Apart from the tearoom in Scarva, there really is not many obvious points for a refreshment stop. I had a couple of bars and bidons on me and Portadown is a very urban town so lots of places to stop in and around there. But apart from a sign in I believe Poyntzpass for a cafe, very wise to bring your own food and drink along for the ride. Getting towards Portadown, footfall increases although the path remains the same width mostly so a lot of slowing down/speeding up. A couple of nice bridges to cross where a the canal takes a new path or something has joined it. A few comments from my videos since though have highlighted how narrow these bridges are. So if you're a wheelchair user or use a wider bike, you might have issues getting across and seeing as it's a towpath, if you do get stuck, there's only one way back...

Hitting Portadown, the countryside makes away for an urban backdrop. You pass a rowing club and a playpark but it's a busy town for traffic. Plenty of places to stop for something to eat but if like us, your final destination was further on or want to find more cycling infrastructure, there is more. My route took me up a short climb heading out towards Craigavon but it wasn't long before I dived into some housing estates where a sprawling cycling network can be found. So many arteries and junctions, it's a city on it's own. Luckily I had pre-planned a route because it can be very easy to take a wrong turn. My route took me around the big Tesco and shopping centre and into Craigavon Lakes where I found a very mild but very enjoyable MTB track and I had it practically all to myself. I only managed to ride the Eastern side of the lakes but there were loads of mini trails dotted around, perfect for the gravel bike. Only a couple of obstacles I came across but perfect place to touch up on some off road skills or to take a MTB novice or children.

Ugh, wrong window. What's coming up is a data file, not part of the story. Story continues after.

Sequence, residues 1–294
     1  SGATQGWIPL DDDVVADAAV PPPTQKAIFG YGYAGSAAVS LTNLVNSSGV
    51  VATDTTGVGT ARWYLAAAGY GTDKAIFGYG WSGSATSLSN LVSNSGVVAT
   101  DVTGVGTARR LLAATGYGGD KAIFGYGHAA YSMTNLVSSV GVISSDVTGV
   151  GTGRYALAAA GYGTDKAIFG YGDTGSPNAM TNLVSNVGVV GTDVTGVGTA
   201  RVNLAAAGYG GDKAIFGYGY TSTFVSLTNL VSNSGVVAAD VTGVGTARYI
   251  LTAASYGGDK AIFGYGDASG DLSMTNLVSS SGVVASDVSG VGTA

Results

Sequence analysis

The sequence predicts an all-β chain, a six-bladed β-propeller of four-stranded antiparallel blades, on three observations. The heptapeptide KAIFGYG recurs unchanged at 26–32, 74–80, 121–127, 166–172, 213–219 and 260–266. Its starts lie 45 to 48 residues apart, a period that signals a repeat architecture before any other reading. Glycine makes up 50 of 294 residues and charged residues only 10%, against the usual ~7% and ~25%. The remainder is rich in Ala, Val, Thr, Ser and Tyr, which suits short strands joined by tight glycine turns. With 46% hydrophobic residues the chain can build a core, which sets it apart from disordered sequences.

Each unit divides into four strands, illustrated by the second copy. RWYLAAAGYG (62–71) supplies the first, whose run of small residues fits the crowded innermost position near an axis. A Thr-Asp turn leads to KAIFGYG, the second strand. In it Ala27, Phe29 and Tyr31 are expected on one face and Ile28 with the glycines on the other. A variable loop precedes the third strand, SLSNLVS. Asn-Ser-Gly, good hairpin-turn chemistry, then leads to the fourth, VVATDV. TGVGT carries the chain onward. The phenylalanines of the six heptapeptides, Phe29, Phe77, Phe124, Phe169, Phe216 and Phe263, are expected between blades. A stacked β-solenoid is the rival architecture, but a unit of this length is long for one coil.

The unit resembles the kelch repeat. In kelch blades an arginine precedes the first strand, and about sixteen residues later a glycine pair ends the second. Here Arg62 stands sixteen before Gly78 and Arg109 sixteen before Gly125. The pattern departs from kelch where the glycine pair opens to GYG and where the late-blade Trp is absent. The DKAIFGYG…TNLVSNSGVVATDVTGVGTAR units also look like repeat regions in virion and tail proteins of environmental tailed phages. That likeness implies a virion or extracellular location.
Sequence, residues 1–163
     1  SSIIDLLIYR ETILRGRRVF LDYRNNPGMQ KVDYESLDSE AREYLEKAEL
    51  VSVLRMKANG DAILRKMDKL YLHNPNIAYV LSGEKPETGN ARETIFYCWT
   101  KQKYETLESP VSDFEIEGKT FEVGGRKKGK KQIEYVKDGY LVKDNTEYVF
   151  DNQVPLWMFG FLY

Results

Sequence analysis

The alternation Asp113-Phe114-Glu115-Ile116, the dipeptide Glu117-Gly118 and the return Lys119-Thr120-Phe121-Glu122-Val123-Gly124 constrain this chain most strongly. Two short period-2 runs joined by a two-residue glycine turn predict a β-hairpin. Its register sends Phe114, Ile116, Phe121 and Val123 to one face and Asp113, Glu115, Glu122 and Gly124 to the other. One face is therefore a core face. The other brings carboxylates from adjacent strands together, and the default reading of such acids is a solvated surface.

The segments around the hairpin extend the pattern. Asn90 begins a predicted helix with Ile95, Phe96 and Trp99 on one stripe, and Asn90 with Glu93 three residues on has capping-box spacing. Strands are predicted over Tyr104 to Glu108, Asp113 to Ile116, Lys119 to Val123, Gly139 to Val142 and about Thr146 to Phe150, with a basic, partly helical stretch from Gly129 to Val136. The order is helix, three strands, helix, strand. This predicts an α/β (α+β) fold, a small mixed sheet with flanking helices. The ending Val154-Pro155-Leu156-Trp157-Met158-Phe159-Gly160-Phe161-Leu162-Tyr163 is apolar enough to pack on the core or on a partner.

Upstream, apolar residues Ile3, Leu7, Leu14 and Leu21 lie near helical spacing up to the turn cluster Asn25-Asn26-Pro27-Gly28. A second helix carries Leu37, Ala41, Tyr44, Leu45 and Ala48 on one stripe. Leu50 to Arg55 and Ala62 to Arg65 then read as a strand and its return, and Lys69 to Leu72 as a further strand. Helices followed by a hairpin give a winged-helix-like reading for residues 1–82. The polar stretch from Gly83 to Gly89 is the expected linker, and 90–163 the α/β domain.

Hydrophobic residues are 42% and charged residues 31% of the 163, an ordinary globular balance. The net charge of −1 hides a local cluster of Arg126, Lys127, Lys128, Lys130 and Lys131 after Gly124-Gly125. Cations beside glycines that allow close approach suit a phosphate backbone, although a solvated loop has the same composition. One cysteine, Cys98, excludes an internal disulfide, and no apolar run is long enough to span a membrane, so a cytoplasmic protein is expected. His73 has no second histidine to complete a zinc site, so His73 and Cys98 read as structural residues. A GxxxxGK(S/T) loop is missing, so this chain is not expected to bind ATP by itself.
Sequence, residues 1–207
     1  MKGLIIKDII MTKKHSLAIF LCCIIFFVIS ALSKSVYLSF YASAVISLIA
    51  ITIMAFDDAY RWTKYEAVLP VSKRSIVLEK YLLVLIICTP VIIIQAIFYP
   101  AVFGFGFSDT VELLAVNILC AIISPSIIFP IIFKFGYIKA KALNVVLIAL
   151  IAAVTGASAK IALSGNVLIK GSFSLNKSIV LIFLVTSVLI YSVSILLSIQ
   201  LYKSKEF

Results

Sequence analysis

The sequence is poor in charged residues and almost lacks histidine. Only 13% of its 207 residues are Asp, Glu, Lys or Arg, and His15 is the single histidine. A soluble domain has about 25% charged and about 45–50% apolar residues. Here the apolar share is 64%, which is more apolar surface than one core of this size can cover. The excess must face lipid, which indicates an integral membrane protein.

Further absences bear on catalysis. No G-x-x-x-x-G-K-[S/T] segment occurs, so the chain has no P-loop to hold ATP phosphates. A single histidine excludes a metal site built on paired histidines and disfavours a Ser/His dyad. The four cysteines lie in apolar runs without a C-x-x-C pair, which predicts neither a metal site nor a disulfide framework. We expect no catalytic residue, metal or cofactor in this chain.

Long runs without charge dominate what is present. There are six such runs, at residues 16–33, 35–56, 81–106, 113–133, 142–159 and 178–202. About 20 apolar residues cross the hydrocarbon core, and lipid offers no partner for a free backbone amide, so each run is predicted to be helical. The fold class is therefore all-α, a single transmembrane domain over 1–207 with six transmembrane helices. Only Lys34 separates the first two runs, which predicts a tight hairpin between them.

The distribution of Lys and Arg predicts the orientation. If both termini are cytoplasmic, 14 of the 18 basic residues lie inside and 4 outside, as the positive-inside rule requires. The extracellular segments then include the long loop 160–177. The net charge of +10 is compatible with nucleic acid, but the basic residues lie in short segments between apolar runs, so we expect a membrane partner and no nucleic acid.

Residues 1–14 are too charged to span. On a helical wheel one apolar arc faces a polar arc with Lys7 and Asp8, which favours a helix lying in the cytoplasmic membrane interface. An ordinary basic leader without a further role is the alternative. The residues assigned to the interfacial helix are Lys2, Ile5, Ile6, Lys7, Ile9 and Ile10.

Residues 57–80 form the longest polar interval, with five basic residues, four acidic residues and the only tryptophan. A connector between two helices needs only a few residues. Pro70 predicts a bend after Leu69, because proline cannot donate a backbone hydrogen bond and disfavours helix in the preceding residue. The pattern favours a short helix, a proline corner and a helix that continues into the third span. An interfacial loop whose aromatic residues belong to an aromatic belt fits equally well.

My final destination was my sister in laws who lives on the edge of Lough Neagh (UK's biggest lough) and ironically after the basically non-traffic route, I finished up on a national speed limit road which was rough as a cheese grater. The day left me thinking this country could do with a lot more infrastructure like the cycling network in Craigavon. The layout here is obviously very different to London and there is logistical issues in connecting towns especially ones in rural areas such as my hometown Rathfriland. Not to mention here that every other road is basically a climb! But I have read that the NC9 route which goes from Belfast to Lisburn will eventually go all the way to Dublin and that uses the Lagan towpath. I've been through Belfast a few times and it does feel a little behind the times with the cycling network. Cycling culture here I feel is more leisurely or off-road. I get the feeling not many cyclists commute probably due to the topography. I would love to ride to work still but as I visit schools to model wellbeing sessions as my job and the schools can be up to 40miles away, it wouldn't 40 flat miles either. It is on my tick list to commute to one of the schools I work with. My fitness has been severely affected by the change in working lifestyle. My commute in London was my daily gym and it has been hard to replicate that here even though I am surrounded by amazing outdoor opportunities. Family does come first and spending time with my son trumps my bikes and so he should. He has a balance bike and scooter so I am at the stage where he should be having those first moments. Apologies that this blog has taken a slight left turn but having an infrastructure like the Newry Canal, the Craigavon bike paths and the Craigavon Lakes MTB trails as well as the shared use path that circles the lakes, these are the places I want my son to use and enjoy. Just a shame there's not more of them...